Aware that he didn’t have a moment to lose, Vladimir ran in the opposite direction to Mr Karpenko, towards a street that didn’t need a NO ENTRY sign, as only party officials ever considered entering Tereshkova Prospect. He knew exactly where Major Polyakov lived, but won- dered if he had the nerve to knock on his door at that time of night. At any time of the day or night, for that matter.
When he reached the street with its leafy trees and neat cobblestone pavement, Vladimir stood and stared at the house, losing his nerve with every second that passed. He finally summoned up enough courage to approach the front door, and was about to knock when it was flung open by a man who didn’t like to be taken by surprise.
‘What do you want, boy?’ the major demanded, grab- bing his unwelcome visitor by the ear.
‘I have information,’ said Vladimir, ‘and you told us when you visited our school last year looking for recruits, that information was golden.’
‘This had better be good,’ said Polyakov, who didn’t let go of the boy’s ear as he dragged him inside. He slammed the door behind him. ‘Start talking.’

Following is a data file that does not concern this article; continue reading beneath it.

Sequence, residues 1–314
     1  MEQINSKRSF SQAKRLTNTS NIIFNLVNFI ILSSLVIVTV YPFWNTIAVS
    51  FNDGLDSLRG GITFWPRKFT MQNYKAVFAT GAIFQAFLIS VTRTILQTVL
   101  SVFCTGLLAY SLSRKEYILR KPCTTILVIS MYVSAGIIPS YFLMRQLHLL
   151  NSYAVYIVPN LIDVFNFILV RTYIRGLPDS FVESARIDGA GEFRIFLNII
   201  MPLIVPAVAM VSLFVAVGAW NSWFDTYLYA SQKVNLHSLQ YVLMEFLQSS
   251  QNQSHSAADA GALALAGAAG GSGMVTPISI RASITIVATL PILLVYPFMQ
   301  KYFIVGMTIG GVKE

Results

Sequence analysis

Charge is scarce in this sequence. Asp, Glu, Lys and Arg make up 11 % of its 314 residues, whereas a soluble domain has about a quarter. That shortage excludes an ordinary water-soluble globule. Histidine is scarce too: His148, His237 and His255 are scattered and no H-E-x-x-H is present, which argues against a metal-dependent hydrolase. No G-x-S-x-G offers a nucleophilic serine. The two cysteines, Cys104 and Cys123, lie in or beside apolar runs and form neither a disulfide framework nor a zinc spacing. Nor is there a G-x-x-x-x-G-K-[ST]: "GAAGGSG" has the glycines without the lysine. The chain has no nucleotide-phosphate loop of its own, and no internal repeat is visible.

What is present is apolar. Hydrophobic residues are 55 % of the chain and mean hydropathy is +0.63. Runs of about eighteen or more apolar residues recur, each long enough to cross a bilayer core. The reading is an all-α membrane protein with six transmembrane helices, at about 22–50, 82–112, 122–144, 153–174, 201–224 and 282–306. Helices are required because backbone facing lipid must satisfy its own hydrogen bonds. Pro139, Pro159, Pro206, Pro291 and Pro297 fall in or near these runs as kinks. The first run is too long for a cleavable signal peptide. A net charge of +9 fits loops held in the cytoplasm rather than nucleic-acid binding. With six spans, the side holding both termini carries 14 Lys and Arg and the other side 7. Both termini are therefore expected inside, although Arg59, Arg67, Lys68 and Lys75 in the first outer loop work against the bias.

Vladimir faithfully reported everything he’d over- heard in the church. By the time he’d come to the end, the pressure on his ear had been replaced by an arm around his shoulder.
‘Did you recognize anyone other than Karpenko?’ Polyakov asked.
‘No, sir, but he mentioned the names Yuri, Mikhail, and Stepan.’
Polyakov wrote down each name before saying, ‘Are you going to the match on Saturday?’
‘No, sir, it’s sold out, and my father wasn’t able to—’
Like a conjurer, the KGB chief produced a ticket from an inside pocket and handed it to his latest recruit.
Konstantin closed the bedroom door quietly, not wanting to wake his wife. He took off his heavy boots, undressed and climbed into bed. If he left early enough in the morning, he wouldn’t have to explain to Elena what he and his disciples had been up to, and even more import- ant, what he had planned for Saturday’s meeting. Better she thought he’d been out drinking, even that there was another woman, than burden her with the truth. He knew she would only try to convince him not to go ahead with the prepared speech.
After all, they didn’t have too bad a life, he could hear her reminding him. They lived in an apartment block that had electricity and running water. She had her job as a cook at the officers’ club, and Alexander was waiting to hear if he’d won a scholarship to the prestigious For- eign Language Institute in Moscow. What more could they ask for?